Problems arise with 13.22C arrangements where the trust or company:
- Needs more money to complete the development and borrows money, or issues more units and sells them (is in business)
- Accepts a loan from a member of the SMSF
- Overdrafts (may be considered loans and breach 13.22C)
- Uses a related party builder who either under charges for the work completed or overcharges and strips the profits that should have been returned to the SMSF.
Warning on conducting a business
One of the criteria for the exemption in 13.22C to apply is that the trust or company cannot be conducting a business. This requirement may prevent short-term property developments that are built and sold for profit.
Typically, 13.22C arrangements are used for long term investments where the development enables the creation of an asset that is then leased by the trust or company. This could be commercial premises leased to a related or unrelated party (e.g., premises for a child care centre or manufacturing), or residential premises leased to unrelated parties (e.g., townhouses or small developments).
Unrelated property developments
Investing in unrelated entities for a property development is attractive as there is no limit to how much of the fund’s assets can be invested (subject to the investment strategy and trust deed allowing the investment), and unlike ungeared entities, the entity is able to borrow money/place charge over the assets.
Where related parties are investing in the same entity, there are rules governing the percentage of ownership the SMSF and their related parties can hold. To meet the definition of unrelated entity for in-house asset purposes, the SMSF and their related parties must not own more than 50% of the units available. This is because the SMSF cannot control or hold sufficient influence over the entity and remain an unrelated entity. If the ATO considers the entity is related to the SMSF, then it would become a related party and the investment an in-house asset.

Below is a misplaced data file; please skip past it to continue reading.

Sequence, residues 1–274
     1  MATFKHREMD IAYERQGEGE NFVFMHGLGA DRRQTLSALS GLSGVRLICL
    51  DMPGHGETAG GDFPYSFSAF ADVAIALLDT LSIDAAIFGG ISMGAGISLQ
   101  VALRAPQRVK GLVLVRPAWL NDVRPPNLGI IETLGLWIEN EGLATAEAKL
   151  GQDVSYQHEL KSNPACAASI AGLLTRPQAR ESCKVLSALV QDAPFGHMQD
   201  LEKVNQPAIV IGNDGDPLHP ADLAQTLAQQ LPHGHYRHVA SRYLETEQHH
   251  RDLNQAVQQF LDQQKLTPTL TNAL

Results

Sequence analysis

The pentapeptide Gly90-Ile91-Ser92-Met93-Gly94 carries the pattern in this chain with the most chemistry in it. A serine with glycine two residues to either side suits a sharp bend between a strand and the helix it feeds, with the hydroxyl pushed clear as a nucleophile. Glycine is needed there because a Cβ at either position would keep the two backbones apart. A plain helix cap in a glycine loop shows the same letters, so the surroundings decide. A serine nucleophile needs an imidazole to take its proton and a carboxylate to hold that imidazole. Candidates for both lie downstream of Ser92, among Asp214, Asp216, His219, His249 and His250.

Joint venture arrangements
An SMSF can potentially invest in a joint venture (JV) property development, but the criteria are necessarily strict and there are a range of issues that need to be considered carefully. One of the issues that needs to be considered up-front is determining the substance of the arrangement between the parties, because the term JV can be used to describe a variety of arrangements. The ATO confirms that care must be taken to ensure that arrangements with related parties are true JVs.
Under a JV, the SMSF invests in and has a share of the property being developed (not the entity undertaking the development). Each party bears the costs (time and/or money) of the JV and receives this same proportionate contribution from the returns. If the arrangement is not structured properly then the SMSF’s stake in the JV could be treated as an investment in or loan to a related party and be treated as an in-house asset. For example, this could be the case if the SMSF only provides a capital outlay for the arrangement and has no rights other than a contractual right to a return on the final investment.
It is also necessary to consider whether the arrangement between the parties could be treated as a partnership for tax, GST and legal purposes. For example, this could be the case if the arrangement involves the sharing of income, sale proceeds or profits, rather than sharing the output from the project.
It’s essential to get advice well in advance – tax, legal and financial – before pursuing a JV.
Is your SMSF the best vehicle for property development?
Trustees need to carefully consider any investment decisions and have a sound rationale for the investment. Any advice on a property development needs to be from a licenced financial adviser. A lawyer should be used for any contracts or agreements between parties. And, compliance assistance from a qualified accountant.
Contact our team today to discuss if using your SMSF for property development is the right choice for you!